Quantitas dividitur in continuam et discretam. Dicitur autem discreta quantitas, cujus partes inter se ita se habent, quod sunt separatae, et ad unum communem terminum non copulantur: partes enim hujus numeri qui est decem, ad nullum communem terminum copulantur: non enim in numero qui est decem invenitur aliqua particula ad quam copulentur aliae particulae, cum omnes particulae ejus sint separatae una ab alia. Continua vero quantitas dicitur, cujus partes ad unum communem terminum copulantur, quia omnes sunt conjunctae, et non sunt actu separatae, sed sunt separabiles, ut infra dicetur. Dividitur autem quantitas discreta in numerum et orationem. Est autem numerus multitudo ex unitatibus aggregata. Aliter autem definitur numerus sic: numerus est multitudo mensurata per unum. Ad videndum autem praedictas definitiones, sciendum est quod unum convertitur cum ente et unum est principium numeri. Unum autem primo modo sumptum, nihil aliud est quam ens indivisum. Addit autem unum supra ens, negationem seu privationem divisionis. Et quia omne ens est unum isto modo sumptum, ideo unum sic sumptum non solum est in genere quantitatis, sed in omnibus generibus sicut et ens; et ideo unum est de transcendentibus, et multitudo causata per unum isto modo sumptum, non est numerus qui est species quantitatis; sed est de transcendentibus: dicimus enim esse quatuor Angelos vel tres personas in divinis, et tamen nec in Angelis nec in Deo est quantitas. Unum autem quod est principium numeri, addit super unum quod convertitur cum ente non rem aliquam, sed concernit illud addendo sibi duas rationes: scilicet quia dicit non omnem indivisionem, idest non dicit omne ens in quantum est indivisum, sed dicit ens indivisum quantitatis continuae, et dicit rationem mensurae discretae. Quia enim numerus, qui est species quantitatis, causatur ex divisione continui; supponatur quod divideremus unam lineam in multas partes: cum quaelibet pars lineae quae sic dividitur sit indivisa, et linea sic considerata est unum: unde unum nihil aliud est quam continuum indivisum. Unum ergo quod convertitur cum ente, dicit ens indivisum, quodcumque sit illud. Unum autem quod est principium numeri, dicit ens continuum indivisum; et numerus ex talibus unitatibus aggregatur, ubi sunt multa continua divisa ab invicem, et in se indivisa. Secunda ratio quam addit unum quod est principium numeri, supra unum quod convertitur cum ente, est ratio mensurae discretae. Ubi nota, quod mensurari discreto potest sumi dupliciter. Uno modo, ut idem sit quod certificari apud intellectum, quot sunt aliquae res, in quantum aliquis per unum aliquoties replicatum certificatur de numero illorum quae numerat; et isto modo sumpta mensura est proprietas accidentalis ipsius numeri, et convenit etiam uni quod convertitur cum ente. Alio modo sumitur mensurare pro eo quod est facere tot res formaliter sicut albedo formaliter facit album; et talis mensura est de ratione unius vel numeri. Habemus ergo quid est unum ex cujus aggregatione fit numerus, et qualiter sit mensura essentialiter vel accidentaliter. Ad videndum autem quid sit multitudo, sciendum quod, ut supra dictum est, primum quod intellectus noster intelligit est ens. Secundo vero intelligit negationem entis, prout intelligitur aliud non esse hoc ens. Ex his duobus statim intelligit divisionem; unde divisio est distinctio per ens et non ens. Tertio intelligit unum, quod privat divisionem: est enim unum ens in quo non est praedicta divisio; et sic intellectus unius posterior est intellectu divisionis, sicut intellectus privationis posterior est intellectu habitus quem privat. Quarto intelligit multitudinem: quae dicit duas negationes: quarum una est, quod hoc non sit illud: altera est, quod quodlibet eorum non sit divisum, et per consequens sit unum. Et propterea multitudo definitur per unum; quia nunquam dicuntur multa, nisi quodlibet eorum sit unum, seu ens indivisum. Et sicut modo sumpsimus ens et divisionem, et unum et multitudinem in transcendentibus, sic sumatur in quantitate; ita quod sicut sumebatur ens, ita hic sumatur continuum, licet aliqua differentia sit inter ea, ut supra dictum est. Sciendum quod haec multitudo quae est in quantitate, est multa continua, quorum unum non est aliud, et quodlibet eorum est indivisum in se, sive unum, quod idem est. Et sic patet prima definitio numeri, scilicet: numerus est multitudo ex unitatibus aggregata. Patet etiam secunda definitio, scilicet, numerus est multitudo mensurata per unum: nam quia unum multoties replicatum causat multitudinem, per hoc certificamur de multitudine quanta sit discrete, et sic unum est mensura multitudinis, et patet de numero et cetera.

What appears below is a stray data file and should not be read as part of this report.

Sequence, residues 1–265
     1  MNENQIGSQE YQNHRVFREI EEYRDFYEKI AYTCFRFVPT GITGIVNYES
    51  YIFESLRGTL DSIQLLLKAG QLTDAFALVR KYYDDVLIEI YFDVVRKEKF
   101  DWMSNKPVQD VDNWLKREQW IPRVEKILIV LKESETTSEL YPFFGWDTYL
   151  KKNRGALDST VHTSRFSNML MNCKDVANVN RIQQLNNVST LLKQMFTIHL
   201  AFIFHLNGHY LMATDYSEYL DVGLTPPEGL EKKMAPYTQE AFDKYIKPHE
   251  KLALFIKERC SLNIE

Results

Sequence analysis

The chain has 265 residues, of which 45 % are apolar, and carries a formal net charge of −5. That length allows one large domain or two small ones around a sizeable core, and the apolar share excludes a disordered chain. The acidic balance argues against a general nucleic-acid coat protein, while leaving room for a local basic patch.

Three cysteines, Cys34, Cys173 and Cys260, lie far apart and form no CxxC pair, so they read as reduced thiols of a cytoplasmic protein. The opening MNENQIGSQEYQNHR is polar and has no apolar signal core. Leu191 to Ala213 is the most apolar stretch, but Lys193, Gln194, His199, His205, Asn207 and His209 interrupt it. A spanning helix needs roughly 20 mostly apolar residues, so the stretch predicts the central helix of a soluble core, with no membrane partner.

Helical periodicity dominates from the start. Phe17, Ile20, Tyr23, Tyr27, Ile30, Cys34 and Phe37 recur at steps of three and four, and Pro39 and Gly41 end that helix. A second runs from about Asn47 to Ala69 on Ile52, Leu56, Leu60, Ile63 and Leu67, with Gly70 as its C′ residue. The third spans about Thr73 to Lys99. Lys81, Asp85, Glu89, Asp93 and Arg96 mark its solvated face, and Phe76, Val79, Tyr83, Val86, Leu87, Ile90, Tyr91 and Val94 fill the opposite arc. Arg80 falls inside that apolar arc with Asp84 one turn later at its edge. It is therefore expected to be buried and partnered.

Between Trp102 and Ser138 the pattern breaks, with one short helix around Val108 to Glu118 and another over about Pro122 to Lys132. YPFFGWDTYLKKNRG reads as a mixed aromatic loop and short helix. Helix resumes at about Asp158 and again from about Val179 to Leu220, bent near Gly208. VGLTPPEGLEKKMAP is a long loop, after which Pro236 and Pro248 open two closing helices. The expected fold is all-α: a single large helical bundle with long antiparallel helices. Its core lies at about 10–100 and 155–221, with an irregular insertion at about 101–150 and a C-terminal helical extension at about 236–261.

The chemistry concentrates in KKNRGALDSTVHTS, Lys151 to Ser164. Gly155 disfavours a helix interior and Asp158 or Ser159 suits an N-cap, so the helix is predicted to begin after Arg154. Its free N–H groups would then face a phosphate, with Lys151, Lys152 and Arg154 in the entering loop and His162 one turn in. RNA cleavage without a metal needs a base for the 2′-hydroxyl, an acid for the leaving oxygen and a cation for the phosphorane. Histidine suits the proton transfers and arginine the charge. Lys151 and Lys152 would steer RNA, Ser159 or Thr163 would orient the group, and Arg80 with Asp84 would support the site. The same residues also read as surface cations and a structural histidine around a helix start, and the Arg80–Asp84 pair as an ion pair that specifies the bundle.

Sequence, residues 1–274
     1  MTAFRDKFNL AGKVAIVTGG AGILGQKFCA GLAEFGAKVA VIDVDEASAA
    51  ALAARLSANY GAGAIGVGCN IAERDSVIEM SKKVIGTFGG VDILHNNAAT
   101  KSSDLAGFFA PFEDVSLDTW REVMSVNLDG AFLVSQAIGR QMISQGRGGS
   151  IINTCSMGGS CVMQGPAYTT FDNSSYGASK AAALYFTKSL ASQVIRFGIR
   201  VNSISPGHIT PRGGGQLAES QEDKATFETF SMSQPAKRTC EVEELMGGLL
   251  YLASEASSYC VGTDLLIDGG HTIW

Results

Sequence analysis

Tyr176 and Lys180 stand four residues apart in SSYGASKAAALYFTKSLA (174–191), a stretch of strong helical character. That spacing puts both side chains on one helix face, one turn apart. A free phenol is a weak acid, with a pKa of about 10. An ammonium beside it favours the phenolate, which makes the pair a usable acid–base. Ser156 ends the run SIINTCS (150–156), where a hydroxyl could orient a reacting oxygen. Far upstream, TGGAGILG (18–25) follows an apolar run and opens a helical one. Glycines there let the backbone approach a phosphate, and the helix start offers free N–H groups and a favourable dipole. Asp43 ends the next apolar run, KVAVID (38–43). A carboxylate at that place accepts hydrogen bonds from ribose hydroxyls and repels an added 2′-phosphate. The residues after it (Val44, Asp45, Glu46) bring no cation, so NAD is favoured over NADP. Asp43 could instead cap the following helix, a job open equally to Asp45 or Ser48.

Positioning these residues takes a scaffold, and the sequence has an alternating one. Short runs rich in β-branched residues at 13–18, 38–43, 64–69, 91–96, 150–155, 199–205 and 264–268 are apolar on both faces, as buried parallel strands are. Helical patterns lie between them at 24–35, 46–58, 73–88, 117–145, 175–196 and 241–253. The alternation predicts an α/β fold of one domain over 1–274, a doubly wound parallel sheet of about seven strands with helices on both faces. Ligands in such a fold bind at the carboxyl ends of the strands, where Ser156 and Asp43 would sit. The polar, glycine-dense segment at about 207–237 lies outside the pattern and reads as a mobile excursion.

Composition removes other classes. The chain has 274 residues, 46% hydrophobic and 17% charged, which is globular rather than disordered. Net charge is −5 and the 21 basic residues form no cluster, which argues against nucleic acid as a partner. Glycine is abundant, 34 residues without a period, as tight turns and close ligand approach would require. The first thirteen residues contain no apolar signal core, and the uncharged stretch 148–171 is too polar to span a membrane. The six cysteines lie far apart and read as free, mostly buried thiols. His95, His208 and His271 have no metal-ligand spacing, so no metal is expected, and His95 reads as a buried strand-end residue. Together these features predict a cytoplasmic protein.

LK Doesn’t Accept Subjective Value